Einstein died when I was six, and my recollections of him are few. I do remember that he had a very nice laugh, which he used often. For my fourth birthday, my parents and I were invited for a small celebration. My uncle took the opportunity to photograph the Professor and me dealing with the gifts that his secretary had obtained: a toy log cabin and a bag of foil covered chocolates in the form of "gold coins." It was this latter which occupied most of my attention. Professor Einstein worked on the log cabin, trying to fit the simple pieces of wood together. Interestingly, when I grew up and printed all the negatives, there was a picture of my mother leaning over Professor Einstein and the logs, showing him how the ends joined.

Of course at that young age I had no idea of what was so special about being around this nice old man. It wasn't until I was at college that I really began to appreciate the honour of being his Godson and to consider what his scientific work meant.

I discovered meditation at the age of twenty. As my spiritual journey proceeded I became intensely curious as to what my link was with such a luminous soul.

Baba found me at twenty three. As you can imagine, I regarded my first trip to the Avatar as a possible opportunity, among other things, to learn more about my relationship with Einstein. It may come as no surprise that throughout these and subsequent trips, Leelas have been the order of the day.

Baba, the consummate "tour guide", treated my wife Marsha and me to a host of travel experiences over the course of my first visit to India. We had no desire to be anywhere but where He was, and since He went to Delhi, Madras and Hyderabad we were overjoyed to be allowed to follow Him.

In Hyderabad a most interesting incident occurred during a discourse Swami was giving in a large auditorium. It was very hot and I had just eaten lunch. As time went on, I realized to my horror that I was being overtaken by a powerful drowsiness. As 1 was sinking into thamas, I projected a thought to the Lord: "Baba, the only thing that could keep me from falling asleep right now is if You were to mention Einstein...” I knew He could do it but didn't really expect it at all and continued my descent. Within sixty seconds, my head thrust backward as Swami's lilting pronunciation of the name "Einstein” entered my consciousness from His ongoing flow of Telugu.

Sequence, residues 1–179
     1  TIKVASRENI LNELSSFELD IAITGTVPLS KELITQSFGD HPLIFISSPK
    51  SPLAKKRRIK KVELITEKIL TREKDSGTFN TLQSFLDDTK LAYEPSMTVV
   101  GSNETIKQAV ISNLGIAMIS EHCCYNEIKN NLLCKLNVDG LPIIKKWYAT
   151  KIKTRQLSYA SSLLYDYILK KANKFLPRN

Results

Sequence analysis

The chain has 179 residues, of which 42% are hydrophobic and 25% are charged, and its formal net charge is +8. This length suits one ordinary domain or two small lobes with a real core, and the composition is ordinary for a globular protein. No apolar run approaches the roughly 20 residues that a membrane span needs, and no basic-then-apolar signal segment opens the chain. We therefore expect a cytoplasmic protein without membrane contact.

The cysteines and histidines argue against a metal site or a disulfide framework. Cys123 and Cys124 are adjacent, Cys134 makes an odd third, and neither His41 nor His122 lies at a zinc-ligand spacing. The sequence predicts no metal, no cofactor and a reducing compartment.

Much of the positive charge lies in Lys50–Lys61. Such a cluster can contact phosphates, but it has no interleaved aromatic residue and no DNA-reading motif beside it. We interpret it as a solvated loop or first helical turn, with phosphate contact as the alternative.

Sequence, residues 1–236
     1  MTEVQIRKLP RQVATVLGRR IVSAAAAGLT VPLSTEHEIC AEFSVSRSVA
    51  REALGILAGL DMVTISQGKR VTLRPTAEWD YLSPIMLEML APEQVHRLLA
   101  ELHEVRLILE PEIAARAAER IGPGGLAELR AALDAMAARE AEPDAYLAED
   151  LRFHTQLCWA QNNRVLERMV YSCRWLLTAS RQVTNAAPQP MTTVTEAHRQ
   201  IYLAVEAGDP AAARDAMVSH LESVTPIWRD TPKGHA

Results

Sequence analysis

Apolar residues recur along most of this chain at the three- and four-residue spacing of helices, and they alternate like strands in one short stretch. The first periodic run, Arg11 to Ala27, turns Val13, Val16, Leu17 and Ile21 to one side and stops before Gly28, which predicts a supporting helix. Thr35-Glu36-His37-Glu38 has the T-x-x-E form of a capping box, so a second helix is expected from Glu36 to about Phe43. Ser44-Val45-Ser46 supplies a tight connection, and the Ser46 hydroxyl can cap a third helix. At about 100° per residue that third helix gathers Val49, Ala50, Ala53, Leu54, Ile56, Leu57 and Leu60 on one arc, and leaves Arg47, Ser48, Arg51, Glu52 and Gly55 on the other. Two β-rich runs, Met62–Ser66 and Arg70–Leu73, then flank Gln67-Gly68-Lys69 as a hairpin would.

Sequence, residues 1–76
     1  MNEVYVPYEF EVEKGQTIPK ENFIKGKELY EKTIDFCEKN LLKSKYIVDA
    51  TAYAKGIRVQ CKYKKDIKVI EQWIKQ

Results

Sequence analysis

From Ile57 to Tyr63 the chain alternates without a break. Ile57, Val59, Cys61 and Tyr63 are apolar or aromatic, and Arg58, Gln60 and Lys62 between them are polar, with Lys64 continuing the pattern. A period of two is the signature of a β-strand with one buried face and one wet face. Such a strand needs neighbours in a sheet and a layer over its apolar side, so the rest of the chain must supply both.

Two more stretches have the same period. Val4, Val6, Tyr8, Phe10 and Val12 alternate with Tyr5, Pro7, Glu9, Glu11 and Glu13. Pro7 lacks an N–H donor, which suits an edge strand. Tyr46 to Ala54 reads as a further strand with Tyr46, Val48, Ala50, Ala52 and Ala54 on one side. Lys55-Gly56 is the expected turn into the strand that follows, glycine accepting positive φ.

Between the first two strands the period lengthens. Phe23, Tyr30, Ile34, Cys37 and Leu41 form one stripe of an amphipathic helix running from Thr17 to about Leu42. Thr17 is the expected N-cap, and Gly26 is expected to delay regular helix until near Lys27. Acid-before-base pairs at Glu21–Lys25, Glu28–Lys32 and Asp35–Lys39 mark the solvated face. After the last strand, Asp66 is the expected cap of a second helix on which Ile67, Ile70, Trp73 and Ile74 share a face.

I was awake then, and became riveted to the story He recounted of how a young Indian physicist during an appointment with Einstein eagerly probed for the ultimate in Western scientific wisdom. What he received from Einstein however, was, to roughly quote Swami, "Every major conclusion I’ve arrived at is contained in your Bhagavad Gita. Look there!"

My curiosity about the connection was inflamed anew! I was dying to get some insight into "why me?" As Swami's translator for the discourse was himself a nuclear physicist, I approached him afterwards hoping for some kernel of insight. He had nothing personally to share, and as far as learning more from Sai he said, "I counsel patience..." I was disappointed but left knowing I had received sound advice.

Approximately one month later we found ourselves in the interview room at Prashanti Nilayam. I was sitting on the floor just to Swami's right as He was talking to various people in the group. Seeing His footstool off to the side and recalling how frequently He is seen using one, I took the opportunity to perform the logical but minor Seva of placing it in position. He accepted and I felt happy. After some time there was a lull in the give and take of conversation. No one was asking questions and Swami was silent, save for the quiet phrase "And you sir?" drawing the words out slowly. The thought came that He seemed to be addressing me. I was at a complete loss for words. I was embarrassed to be addressed personally in front of the group. I definitely had something I wanted to ask and whether I was being addressed or not, it was an absolutely clear, appropriate chance to approach Baba about it. Perhaps as many as two or even three solid minutes passed. An ego based lack of confidence prevented me from simply asking, "What is my connection to Einstein, Baba?" I feel Baba gave me many chances there, but finally a new dialogue began with someone else. The moment was lost and I clearly could not cut in. I was to wonder many times after that if the opportunity might not have been lost forever.

That was in 1978. More blessed interviews occurred in ensuing years and questions about more important matters were raised than about my Godfather. It was okay; I had become patient and accepted that He would reveal whatever I needed to know in its own best time.

After Professor Einstein's death in 1955, Miss Einstein and Miss Dukes remained patients of my father and friends of the family, remembering birthdays and attending my Bar Mitzvah at 13. My mother sometimes gave them rides around town as they did not drive.

For sometime I had had a yearning to visit Einstein's home to see his study. In 1983 my sister planned to get married in Princeton and this looked like a good opportunity. My father called Miss Einstein to arrange a visit and on a cold December day he, my stepmother and I spent about two hours chatting with this completely unassuming artist in the parlour of the house where she had lived for close to fifty years. She told us of her time spent studying art at a convent in Italy and showed us a beautiful little wax sculpture of Saint Francis, for whom she had a special affection.